I am pleased to announce that "Survival: The Red-shouldered Hawks of Allendale" is now available as a iBook download for iPads, iPod Touches and iPhones (I have to say that it's pretty cool on an iPad).
The download is free. Playing a major supporting role is The Raptor Trust, an amazing hawk rehabilitation center that saved the life of a Red-shouldered Hawk named Laura -- the main protagonist of the book.
Link to the download site, including a 15-page previews, is here.
The paper-version of the book is beautiful but expensive. The iPad version will (I hope) put "Survival" in the hands of far more bird-lovers for less than cost of postage for the book.
Full details follow.
Learn more about a dynamic and endangered hawk species by downloading the beautiful new eBook “Survival: The Red-shouldered Hawks of Allendale, N.J.”
The eBook, for iPads and iPhones, is a 70-page, full-color book about a family of hawks who have battled long odds to nest in a northern New Jersey suburb for more than a decade. The download costs $2.99, with half the proceeds going to benefit The Raptor Trust.
“Survival” features a foreword by Raptor Trust Executive Director Len Soucy. It was written by Jim Wright, author of the coffee-table books “Hawk Mountain” and “Jungle of the Maya.”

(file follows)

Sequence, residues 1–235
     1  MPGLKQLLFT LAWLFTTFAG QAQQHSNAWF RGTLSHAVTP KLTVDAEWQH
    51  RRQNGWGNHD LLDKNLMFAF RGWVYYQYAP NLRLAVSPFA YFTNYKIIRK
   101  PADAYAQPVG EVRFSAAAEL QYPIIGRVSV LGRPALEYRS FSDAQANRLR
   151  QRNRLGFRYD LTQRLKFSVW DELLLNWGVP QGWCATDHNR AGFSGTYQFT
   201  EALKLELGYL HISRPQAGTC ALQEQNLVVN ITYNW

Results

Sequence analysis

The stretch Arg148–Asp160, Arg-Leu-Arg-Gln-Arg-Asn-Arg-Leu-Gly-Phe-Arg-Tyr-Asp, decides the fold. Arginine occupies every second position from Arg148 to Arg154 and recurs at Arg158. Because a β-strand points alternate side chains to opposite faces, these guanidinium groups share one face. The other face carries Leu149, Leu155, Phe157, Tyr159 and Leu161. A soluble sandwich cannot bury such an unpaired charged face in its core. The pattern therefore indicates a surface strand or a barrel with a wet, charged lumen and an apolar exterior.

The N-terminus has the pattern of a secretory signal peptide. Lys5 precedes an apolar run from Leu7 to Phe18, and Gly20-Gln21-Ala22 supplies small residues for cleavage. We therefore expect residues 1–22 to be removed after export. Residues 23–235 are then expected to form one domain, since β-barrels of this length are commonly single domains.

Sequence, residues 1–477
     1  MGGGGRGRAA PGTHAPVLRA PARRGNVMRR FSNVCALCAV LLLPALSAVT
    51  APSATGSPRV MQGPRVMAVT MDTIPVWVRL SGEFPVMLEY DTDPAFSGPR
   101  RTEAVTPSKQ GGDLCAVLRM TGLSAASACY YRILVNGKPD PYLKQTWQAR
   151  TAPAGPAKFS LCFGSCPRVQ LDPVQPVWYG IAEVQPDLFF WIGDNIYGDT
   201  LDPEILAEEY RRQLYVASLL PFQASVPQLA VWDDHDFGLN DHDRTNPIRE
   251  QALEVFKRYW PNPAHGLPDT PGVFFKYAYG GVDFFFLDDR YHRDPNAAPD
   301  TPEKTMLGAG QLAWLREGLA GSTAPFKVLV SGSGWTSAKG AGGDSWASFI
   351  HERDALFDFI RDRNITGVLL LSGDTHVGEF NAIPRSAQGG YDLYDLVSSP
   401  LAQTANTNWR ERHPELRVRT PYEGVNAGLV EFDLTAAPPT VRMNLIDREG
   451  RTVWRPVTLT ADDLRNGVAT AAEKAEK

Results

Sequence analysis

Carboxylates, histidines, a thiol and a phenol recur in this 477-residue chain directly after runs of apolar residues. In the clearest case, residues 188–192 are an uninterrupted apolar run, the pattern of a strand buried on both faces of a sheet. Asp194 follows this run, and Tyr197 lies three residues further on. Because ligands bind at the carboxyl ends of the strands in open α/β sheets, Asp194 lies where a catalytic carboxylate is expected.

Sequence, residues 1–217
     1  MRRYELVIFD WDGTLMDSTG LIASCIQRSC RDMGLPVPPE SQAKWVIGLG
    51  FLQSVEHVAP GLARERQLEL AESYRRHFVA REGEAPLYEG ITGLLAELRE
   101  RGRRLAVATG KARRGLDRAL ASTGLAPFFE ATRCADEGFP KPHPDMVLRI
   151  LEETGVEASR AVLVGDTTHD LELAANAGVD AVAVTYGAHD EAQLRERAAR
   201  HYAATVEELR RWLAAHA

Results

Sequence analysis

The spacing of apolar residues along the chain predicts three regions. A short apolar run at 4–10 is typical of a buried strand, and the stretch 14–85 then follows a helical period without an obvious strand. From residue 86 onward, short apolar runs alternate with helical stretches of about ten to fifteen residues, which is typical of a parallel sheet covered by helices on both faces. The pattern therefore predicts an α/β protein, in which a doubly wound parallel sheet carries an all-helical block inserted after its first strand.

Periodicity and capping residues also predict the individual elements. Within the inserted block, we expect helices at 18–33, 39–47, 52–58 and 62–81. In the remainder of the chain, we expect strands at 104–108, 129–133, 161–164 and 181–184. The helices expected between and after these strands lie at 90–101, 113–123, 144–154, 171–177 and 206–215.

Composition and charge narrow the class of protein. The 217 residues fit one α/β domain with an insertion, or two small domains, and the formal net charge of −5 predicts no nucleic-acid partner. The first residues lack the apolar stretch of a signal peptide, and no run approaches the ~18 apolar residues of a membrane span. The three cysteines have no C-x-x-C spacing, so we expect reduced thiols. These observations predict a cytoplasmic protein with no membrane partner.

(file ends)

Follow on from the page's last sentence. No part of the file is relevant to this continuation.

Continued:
The book showcases exceptional photography by Jerry Barrack and the friends of the Celery Farm Natural Area in Allendale.
The Raptor Trust, one of the preeminent avian rehabilitation centers in the United States, saved the life of a Red-shouldered hawk named Laura, who had been found dazed on an Allendale lawn four years ago -- at the time just the latest in a series of tragedies befalling the species in Allendale.
“Survival” is the story of those travails -- and the inspiring, photo-filled story of Laura and her offspring.
This species, named for the reddish feathers on the front of its shoulders, was described more than a century ago as the most common hawk in America. Since then, in a long slow spiral, the hawk has fallen on hard times in many states, including New Jersey.
New Jersey’s Endangered and Non-game Species Program has designated the Red-shoulder an endangered species when nesting and a threatened species other times of year. Both designations indicate the species is in trouble. At last count, there were some 40 nesting pairs statewide.
The book also includes a chapter on the Red-shoulders’ courtship flight, a first-person account of what it’s like to host a Red-shoulder nest, and a reprinted chapter on Red-shoulders from the classic 1898 book “Birds that Hunt and Birds that Are Hunted.”
You can download the iBook version of “Survival” for your iPad or iPhone here.